The story of how the resurrected Jesus reinstated and recommissioned the apostle Peter after his earlier denials of his master is frequently told, but we do not always notice its significance for us:
When they had finished eating, Jesus said to Simon Peter, “Simon son of John, do you love me more than these?” “Yes, Lord,” he said, “you know that I love you.” Jesus said, “Feed my lambs.” Again Jesus said, “Simon son of John, do you love me?” He answered, “Yes, Lord, you know that I love you.” Jesus said, “Take care of my sheep.” The third time he said to him, “Simon son of John, do you love me?” Peter was hurt because Jesus asked him the third time, “Do you love me?” He said, “Lord, you know all things; you know that I love you.” Jesus said, “Feed my sheep” (John 21:15-17).
It is frequently pointed out that while, in his first two questions, Jesus uses a form of the word agapé – godly, unconditional love – Peter replies with a form of the word phileó – meaning only brotherly love or affection. To paraphrase the question and answer: “Do you have love for me?” “Yes, I have affection for you.” In his final question (verse 17) Jesus lowers the level of love to ask “Do you have affection for me?” to which Peter again replies “…you know I have affection for you.”
It is possible that by repeating his question three times Jesus is subtly reminding Peter of his disciple’s three denials, but it is clear that Peter, in his shame, could not bring himself to say he loved Jesus to such a high level as unconditional godly love, only to a lesser, human degree – to which Jesus finally lowered his question. But while the element of shame may have affected Peter’s answers at that moment in time, we certainly need not “lower our sights” as to the level of love it is possible to develop and to direct to God and to others.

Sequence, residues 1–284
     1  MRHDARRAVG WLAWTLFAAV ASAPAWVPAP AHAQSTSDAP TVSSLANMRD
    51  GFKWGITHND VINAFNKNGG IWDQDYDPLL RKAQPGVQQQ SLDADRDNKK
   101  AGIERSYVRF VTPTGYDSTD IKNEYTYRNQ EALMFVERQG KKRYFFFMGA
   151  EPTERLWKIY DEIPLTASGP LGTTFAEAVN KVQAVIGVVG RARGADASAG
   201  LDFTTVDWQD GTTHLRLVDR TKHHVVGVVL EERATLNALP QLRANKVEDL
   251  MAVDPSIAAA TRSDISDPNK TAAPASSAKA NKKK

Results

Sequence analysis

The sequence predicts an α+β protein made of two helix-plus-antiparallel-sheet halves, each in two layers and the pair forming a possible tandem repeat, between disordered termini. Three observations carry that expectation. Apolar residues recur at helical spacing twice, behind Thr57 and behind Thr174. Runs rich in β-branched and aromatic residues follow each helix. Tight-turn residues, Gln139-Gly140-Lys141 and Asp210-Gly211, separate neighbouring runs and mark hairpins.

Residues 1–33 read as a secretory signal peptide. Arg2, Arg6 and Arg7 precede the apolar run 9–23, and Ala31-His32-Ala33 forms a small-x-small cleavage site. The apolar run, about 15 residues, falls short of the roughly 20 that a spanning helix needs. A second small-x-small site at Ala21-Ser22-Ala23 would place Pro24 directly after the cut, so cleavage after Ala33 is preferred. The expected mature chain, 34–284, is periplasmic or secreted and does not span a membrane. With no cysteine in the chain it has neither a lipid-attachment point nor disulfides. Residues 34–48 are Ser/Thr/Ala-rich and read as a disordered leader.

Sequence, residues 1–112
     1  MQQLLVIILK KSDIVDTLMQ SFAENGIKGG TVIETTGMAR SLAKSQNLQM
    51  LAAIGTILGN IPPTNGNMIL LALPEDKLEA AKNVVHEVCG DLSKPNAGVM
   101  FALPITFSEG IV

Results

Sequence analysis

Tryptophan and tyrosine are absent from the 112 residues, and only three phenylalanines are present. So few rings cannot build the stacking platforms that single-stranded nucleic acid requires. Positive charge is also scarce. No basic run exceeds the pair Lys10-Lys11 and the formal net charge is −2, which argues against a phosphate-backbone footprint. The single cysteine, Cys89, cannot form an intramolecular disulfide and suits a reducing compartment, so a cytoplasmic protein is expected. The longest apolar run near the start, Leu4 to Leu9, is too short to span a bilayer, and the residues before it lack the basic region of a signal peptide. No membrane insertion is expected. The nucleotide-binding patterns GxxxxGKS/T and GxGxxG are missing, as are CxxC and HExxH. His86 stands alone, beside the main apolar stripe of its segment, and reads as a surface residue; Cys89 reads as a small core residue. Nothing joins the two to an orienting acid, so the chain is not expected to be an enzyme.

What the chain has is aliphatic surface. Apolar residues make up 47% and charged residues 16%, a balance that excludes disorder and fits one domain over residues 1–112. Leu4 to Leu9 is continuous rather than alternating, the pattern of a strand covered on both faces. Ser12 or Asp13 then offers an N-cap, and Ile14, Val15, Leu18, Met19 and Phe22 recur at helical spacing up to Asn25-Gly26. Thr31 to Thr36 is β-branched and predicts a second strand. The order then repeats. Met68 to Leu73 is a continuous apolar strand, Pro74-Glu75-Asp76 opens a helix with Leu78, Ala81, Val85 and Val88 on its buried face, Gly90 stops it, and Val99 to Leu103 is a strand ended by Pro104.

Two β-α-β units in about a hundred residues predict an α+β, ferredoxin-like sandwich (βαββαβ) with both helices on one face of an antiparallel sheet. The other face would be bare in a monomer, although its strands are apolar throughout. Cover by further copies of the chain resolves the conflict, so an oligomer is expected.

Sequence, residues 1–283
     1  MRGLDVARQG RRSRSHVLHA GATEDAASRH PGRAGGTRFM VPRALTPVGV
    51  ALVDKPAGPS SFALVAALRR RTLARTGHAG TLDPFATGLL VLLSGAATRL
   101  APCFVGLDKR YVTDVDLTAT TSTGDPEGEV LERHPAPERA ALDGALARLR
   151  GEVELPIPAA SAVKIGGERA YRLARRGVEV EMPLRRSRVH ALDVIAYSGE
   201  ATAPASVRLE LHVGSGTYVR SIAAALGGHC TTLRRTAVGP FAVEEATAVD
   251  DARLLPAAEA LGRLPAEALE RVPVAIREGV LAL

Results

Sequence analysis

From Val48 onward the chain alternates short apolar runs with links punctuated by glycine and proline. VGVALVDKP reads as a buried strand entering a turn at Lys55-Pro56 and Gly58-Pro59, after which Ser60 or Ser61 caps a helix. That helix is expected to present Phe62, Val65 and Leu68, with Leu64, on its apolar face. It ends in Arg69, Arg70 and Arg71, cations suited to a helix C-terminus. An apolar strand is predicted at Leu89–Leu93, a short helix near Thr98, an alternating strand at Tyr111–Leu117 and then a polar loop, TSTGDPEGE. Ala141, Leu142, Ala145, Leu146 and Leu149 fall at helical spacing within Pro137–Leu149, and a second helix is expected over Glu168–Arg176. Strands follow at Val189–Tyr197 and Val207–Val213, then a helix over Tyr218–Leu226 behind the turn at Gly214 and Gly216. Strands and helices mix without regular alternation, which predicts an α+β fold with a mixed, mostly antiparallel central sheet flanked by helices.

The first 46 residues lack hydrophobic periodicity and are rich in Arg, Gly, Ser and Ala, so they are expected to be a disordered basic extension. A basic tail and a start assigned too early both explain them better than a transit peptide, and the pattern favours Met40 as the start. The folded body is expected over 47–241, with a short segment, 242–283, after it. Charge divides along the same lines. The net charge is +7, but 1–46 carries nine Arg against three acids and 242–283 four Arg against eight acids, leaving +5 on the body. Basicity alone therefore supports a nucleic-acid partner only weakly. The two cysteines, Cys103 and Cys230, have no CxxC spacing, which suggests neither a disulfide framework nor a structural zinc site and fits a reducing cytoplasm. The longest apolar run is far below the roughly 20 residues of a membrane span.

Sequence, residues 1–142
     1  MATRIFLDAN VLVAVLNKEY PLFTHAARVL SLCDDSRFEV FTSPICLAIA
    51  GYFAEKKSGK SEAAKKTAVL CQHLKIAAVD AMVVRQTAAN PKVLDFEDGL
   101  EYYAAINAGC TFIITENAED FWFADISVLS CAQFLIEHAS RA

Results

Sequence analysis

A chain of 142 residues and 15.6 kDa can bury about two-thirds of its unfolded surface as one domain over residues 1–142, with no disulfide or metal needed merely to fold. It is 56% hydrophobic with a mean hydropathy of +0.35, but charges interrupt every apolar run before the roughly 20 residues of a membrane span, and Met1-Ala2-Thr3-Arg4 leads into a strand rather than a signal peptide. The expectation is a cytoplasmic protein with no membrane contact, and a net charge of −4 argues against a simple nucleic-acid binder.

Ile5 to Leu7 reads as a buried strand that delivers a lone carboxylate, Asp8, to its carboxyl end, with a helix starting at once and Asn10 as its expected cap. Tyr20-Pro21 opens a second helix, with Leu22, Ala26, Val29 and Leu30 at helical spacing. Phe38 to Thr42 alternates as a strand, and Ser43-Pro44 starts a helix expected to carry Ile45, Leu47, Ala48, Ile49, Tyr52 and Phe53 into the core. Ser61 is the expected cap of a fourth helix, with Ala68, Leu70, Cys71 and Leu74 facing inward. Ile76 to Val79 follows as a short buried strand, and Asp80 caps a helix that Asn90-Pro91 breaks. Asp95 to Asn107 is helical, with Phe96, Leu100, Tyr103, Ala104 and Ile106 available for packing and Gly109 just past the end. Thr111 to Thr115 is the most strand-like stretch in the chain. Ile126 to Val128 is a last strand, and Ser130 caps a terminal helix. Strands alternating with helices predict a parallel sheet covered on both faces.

A great many scriptures in the New Testament show that it is the highest unconditional agapé love that we are to have toward God and others. In two extremely poignant scriptures, Peter himself tells us that we must move beyond human love:
“Having purified your souls by your obedience to the truth for a sincere love [phileó] of the brethren, love [agapé] one another earnestly from the heart” (1 Peter 1:22).
“add ... to godliness, mutual affection [phileó]; and to mutual affection, love [agapé]” (2 Peter 1:7).
It is perhaps significant that Peter included this thought in both his epistles: we must move beyond human love to a godly love that is both deeper and higher than human affection. Peter had learned the hard way that human love – even the love of closest friends – is not enough to fulfill God’s law of love. It is a lesson that Peter had clearly grasped, and one that we must also learn.